The importance of smartphones

Smartphones are everywhere. People use them in rich countries and poor countries. Sometimes very poor people have smartphones, even when they live in slums. I think that most people understand how important smartphones can be. For example, some tuk-tuk drivers in Cambodia would have less business without a smartphone. This is because they can find riders through an app and make more money than just looking for customers on the street.

Phones have changed a lot in the last 20 years. I remember when you could only make calls on cellphones. Now, you can take free classes from top universities. You can film video, edit it and upload it to social media.  

There are many apps available—2.8 million are available for download on the Google Play Store. Apple's App store has 1.8 million. Some people use apps a lot. Research says about 20% of Millennials open an app more than 50 times per day. In general, most people open an app 11 or more times each day.

Men artists: Jean-Michel Basquiat

Jean-Michel Basquiat (1960–1988) was part of the Neo-Expressionist movement of the 1980s, led by Andy Warhol. Basquiat's primitive style grew out of his time as a graffiti artist in New York City. People first knew him as part of the anonymous duo SAMO© (pronounced "same-o"), with Al Diaz. They were among the first to use words to communicate thoughts, rather than just tags with names and numbers.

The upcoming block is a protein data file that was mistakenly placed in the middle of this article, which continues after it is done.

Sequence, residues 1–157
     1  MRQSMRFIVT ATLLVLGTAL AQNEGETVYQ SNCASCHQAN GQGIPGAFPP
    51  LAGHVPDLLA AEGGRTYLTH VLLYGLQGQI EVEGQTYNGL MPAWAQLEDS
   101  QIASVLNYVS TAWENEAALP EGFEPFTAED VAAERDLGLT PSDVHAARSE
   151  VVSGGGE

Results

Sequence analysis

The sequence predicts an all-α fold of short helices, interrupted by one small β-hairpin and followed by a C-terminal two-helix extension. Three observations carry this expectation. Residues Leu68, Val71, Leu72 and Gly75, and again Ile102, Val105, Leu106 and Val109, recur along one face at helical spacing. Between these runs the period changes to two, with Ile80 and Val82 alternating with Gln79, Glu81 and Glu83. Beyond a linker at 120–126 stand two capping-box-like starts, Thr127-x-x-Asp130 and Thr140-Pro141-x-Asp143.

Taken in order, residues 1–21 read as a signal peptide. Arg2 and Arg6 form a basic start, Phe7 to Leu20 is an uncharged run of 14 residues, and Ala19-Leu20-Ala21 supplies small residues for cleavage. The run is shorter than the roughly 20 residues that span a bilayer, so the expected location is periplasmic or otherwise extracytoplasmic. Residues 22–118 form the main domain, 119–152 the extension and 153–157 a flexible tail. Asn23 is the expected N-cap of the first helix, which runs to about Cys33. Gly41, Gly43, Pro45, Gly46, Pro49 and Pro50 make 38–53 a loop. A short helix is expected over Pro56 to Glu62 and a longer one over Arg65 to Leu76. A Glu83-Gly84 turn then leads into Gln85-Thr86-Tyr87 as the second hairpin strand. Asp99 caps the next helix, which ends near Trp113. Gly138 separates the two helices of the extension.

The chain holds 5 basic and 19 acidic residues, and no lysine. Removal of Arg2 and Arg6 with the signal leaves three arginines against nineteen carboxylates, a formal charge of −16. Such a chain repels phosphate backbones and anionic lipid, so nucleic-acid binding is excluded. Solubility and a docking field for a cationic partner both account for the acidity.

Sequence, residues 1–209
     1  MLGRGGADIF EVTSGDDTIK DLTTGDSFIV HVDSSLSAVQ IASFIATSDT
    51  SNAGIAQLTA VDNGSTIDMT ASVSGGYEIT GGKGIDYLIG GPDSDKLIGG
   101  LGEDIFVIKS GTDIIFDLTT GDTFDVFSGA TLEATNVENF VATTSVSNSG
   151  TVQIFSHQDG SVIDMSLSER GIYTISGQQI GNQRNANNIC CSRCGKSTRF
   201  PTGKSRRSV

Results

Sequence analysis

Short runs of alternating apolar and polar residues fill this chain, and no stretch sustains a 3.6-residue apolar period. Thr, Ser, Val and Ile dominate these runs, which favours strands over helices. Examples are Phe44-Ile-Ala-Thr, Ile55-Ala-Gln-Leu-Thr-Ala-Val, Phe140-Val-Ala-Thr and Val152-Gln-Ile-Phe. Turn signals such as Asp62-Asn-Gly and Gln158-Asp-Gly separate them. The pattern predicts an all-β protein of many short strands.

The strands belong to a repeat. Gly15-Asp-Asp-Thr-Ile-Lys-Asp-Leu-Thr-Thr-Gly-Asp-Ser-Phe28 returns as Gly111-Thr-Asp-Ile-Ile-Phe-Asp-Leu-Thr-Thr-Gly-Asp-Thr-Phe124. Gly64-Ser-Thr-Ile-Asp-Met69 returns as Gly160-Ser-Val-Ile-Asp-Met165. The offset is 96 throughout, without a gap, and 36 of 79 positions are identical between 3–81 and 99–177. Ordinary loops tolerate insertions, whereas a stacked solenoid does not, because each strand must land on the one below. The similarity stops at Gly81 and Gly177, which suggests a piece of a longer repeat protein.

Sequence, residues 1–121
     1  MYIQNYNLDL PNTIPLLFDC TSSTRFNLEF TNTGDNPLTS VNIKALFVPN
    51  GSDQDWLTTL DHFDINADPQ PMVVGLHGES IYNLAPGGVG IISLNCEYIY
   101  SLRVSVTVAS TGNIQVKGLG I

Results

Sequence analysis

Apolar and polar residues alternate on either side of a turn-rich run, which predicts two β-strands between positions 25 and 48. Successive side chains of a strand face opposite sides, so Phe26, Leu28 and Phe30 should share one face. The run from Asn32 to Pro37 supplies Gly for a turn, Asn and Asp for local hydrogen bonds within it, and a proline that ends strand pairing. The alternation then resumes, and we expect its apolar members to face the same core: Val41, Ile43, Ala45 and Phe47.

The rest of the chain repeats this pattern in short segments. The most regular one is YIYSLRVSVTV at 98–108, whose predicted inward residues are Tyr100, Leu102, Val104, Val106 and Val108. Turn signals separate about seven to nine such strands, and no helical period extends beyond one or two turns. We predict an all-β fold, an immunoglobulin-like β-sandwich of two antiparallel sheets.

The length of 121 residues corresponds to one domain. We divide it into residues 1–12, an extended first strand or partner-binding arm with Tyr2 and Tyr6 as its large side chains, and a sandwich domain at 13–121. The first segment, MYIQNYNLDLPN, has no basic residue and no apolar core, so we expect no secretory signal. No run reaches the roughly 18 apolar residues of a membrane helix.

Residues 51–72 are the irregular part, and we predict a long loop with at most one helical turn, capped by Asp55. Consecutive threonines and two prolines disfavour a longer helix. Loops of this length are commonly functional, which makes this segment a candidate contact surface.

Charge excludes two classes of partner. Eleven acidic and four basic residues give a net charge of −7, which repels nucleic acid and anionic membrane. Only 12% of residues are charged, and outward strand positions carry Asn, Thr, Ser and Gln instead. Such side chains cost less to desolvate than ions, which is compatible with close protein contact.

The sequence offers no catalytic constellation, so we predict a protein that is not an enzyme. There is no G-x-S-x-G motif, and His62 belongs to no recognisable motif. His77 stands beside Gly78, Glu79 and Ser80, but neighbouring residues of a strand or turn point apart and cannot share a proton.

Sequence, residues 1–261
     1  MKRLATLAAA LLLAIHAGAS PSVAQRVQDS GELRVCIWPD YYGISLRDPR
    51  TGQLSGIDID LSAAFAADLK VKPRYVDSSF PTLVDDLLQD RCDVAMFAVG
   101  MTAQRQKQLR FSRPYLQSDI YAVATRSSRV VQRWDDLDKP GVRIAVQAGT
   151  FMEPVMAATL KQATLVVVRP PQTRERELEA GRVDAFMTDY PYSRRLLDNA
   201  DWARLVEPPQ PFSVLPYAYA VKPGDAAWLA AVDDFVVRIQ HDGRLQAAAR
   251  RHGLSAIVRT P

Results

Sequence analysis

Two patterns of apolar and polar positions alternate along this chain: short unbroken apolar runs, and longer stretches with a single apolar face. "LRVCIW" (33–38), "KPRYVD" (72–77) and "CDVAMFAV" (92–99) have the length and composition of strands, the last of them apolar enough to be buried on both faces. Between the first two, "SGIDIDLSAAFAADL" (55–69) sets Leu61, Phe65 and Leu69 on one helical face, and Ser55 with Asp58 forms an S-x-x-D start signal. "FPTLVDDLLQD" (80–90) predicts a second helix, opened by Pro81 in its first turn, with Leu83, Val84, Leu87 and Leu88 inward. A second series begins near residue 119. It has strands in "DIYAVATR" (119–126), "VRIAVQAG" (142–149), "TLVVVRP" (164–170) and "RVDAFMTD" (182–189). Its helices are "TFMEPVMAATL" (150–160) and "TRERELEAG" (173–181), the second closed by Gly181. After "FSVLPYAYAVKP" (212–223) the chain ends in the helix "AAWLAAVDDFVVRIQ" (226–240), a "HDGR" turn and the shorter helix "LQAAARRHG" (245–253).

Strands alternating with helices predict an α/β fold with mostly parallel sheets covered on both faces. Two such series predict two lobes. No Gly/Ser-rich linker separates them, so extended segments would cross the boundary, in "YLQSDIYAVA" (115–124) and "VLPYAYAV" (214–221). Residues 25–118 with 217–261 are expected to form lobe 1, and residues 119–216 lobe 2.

For 3 years, from the age of 17–20, Basquiat sold his art on t-shirts and postcards on the street for a couple of bucks each. Finally, he made it into a group show at an art gallery. People and critics loved his work, and in no time people were paying $50,000 or more for one of his pieces.

The child of a Haitian father and Puerto Rican mother, Jean-Michel Basquiat brought the Black and Latino experience into the fine art world. His art was angry and harsh, yet also poetic. He was able to express a reality that had long been excluded from elite society.

Pinterest: safety over free speech

How much should tech companies regulate information? While Facebook and Twitter have up to now chosen to err on the side of free speech, an unlikely platform has taken an important step. Pinterest found that users were searching for information on vaccines, so CEO Ben Silbermann pulled all medical information from the platform.

Vaccines have been a contentious issue in social media, but not in science. While the science is clear that vaccines save lives, there has been a reemergence of previously eradicated diseases like measles. That reemergence has been linked to disinformation shared in social media. 

Race, ethnicity, and nationality

The words "race", "ethnicity" and "nationality" are often misunderstood or even used interchangeably. They mean very different things, however.

Here are basic definitions of the categories.

As you can see, the words refer separately to physical features, cultural background, and the country you are from. In countries like Japan, the three things are closely linked. But in a place like the U.S., where people come from many different places and backgrounds, they are completely separate.

Let's look at how I fit into them.